* You are probably right. Yowl is how I always pronounced it in my head, but “yoh-well” makes more sense.

      Thanks for listening!


    2. I forgot to mention, I met Steve Yeowell at a comic signing in Atlanta in the early 1990s. He was there promoting his work on the Vertigo mini-series “SEBASTIAN O”. Nice guy! I believe it was pronounced “Yee-ool”, however, I’m not a reliable source for pronunciations. Also at the signing was Grant Morrison and Jill Thompson.

  3. Excellent episode. I almost–ALMOST–ended up covering that Etrigan story. So thankful I didn’t. There’s no way to have topped this! Love it.

    Chuck Cunningham was probably eaten by his basketball after attempting to perform a dark ritual similar to the one in the “Satan’s Little Helper” story.

    What do you have against Troll Santa, Chris?

    Let’s hope Cindy isn’t on the Naughty List. I fear she’d use the lumps of coal to put lumps on Chris’s head!

  4. I have something of a funny story about this Happy Days episode, something I remember vividly.

    When I first saw this episode in syndication, I was probably 7 or 8 and I completely missed the point. I thought the Fonz DID have family he was trying to get to. The ravioli from a can? A light snack before the bus trip. The irritation with the Cunninghams hanging around? Well what would you expect … the man was trying to catch a bus. When the episode ended, I thought ‘how sad. The Fonz’s family will be worried about why he didn’t show up.’ I was pretty young.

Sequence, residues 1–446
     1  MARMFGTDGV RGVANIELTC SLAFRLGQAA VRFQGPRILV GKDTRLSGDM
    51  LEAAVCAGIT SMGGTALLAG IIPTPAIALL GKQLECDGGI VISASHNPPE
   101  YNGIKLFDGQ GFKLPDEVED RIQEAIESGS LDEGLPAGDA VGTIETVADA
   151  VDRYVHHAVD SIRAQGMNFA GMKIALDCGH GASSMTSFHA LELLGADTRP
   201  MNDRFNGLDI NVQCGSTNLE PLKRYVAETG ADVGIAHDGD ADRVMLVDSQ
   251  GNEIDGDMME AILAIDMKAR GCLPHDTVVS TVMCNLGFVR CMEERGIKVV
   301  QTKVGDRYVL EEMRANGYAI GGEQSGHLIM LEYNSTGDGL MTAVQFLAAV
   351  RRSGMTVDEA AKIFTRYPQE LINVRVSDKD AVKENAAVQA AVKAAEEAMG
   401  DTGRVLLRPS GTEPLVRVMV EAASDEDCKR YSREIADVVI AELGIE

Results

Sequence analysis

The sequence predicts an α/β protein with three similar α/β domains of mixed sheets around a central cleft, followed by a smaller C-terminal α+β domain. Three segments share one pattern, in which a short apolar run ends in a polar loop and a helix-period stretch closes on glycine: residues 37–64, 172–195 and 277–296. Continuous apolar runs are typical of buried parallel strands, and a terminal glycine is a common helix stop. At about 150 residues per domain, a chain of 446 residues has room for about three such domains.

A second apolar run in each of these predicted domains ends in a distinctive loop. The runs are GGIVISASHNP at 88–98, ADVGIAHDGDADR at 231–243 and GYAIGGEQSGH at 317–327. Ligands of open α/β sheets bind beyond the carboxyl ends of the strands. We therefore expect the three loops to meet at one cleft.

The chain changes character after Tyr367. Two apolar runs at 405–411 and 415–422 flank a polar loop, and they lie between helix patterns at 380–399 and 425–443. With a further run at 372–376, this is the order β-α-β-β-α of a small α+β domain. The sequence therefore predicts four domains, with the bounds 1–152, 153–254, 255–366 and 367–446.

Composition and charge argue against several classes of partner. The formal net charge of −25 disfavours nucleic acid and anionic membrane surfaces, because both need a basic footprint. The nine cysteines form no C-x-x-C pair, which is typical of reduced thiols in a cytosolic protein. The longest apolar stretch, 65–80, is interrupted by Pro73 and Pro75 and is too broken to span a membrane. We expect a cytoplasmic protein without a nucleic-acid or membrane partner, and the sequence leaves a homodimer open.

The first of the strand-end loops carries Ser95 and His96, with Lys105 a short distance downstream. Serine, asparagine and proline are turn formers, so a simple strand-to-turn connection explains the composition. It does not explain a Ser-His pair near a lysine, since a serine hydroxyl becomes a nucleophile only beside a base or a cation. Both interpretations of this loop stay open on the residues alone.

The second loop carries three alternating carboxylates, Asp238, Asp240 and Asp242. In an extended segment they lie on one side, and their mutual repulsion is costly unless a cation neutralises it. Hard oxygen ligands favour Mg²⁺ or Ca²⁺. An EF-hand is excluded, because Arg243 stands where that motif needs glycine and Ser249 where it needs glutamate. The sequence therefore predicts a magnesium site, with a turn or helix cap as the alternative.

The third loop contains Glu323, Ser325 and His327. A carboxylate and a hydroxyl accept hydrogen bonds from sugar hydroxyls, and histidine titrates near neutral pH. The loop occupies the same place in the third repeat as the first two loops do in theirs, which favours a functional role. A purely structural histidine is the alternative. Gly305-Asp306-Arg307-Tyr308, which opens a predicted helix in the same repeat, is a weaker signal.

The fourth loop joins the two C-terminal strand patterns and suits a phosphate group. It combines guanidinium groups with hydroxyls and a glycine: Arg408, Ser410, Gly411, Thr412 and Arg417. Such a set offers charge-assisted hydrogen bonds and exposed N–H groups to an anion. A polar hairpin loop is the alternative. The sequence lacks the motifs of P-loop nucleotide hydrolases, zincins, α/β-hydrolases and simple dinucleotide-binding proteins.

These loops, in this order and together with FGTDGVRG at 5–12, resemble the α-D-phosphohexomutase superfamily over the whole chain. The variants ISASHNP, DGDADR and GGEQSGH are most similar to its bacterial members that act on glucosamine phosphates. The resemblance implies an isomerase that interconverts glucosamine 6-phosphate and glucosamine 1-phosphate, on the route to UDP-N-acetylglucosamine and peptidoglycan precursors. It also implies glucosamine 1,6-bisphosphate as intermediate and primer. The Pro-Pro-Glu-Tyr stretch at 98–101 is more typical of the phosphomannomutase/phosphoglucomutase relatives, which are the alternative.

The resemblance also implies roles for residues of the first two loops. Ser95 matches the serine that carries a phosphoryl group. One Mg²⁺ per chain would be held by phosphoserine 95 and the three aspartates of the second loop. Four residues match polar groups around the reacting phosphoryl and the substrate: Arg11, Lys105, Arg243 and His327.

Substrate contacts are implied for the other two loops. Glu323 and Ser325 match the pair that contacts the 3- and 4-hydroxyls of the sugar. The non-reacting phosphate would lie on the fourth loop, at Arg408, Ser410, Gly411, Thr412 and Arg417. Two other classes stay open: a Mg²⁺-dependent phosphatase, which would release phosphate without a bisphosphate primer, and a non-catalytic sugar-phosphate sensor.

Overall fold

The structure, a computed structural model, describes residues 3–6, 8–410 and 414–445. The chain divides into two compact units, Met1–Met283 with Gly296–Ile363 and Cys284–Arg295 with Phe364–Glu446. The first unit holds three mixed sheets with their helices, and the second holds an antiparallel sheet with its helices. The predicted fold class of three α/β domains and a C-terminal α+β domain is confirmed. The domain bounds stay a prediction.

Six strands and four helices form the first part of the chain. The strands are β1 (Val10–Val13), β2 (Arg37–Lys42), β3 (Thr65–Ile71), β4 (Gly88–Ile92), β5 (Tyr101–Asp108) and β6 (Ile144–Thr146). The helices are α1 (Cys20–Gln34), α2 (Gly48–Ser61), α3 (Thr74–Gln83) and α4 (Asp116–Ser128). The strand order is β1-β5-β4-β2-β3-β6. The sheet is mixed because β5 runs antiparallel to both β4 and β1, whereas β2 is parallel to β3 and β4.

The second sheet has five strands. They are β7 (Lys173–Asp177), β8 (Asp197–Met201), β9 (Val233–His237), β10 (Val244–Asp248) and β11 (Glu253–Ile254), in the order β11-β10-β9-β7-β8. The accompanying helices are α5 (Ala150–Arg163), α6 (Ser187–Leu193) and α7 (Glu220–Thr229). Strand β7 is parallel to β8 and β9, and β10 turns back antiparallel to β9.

When I saw it again, whenever that was … probably a year later, I was struck by what I had missed in my first viewing. I told my older brother (who I was watching with) ‘You know … I don’t think Fonzie has family. I think he was embarrassed and made that all up. ‘ My brother looked at me and shook his head and just said ‘idiot.’

    I hadn’t thought about this in forever! Thanks for covering. I laugh at my innocence and ignorance now, not even minding being called a fool by my bro.

    Happy holidays and thanks for all these shows! Love ’em!

    1. That’s a great story Anj. I could totally see how kid logic could interpret the episode that way. Those damn Cunninghams are so pushy! “Fix our car! Fix our Santa! Fix our lights! Now stay here and entertain us!”. What a bunch of jerks!!! 😉


  5. Another fun episode. Even though I haven’t (yet) read any of Robinson’s Starman, I enjoyed your rundown – sounds like a good story, and after looking at your image gallery, I seem to have a craving for fig pudding… 😉

    Nice that you covered that episode of Happy Days. I’m actually old enough to have watched that when it originally aired on network TV (I was 6 at the time), and then I think I saw it again a few years later in syndication – and then probably never thought of it again until listening to your show today. I’m actually not really that much of a Happy Days fan (first few seasons were o.k., I guess), but that is a good episode. Just as you both noted about the Starman story, it hit all the right notes a Christmas episode of a sitcom should without getting too sappy.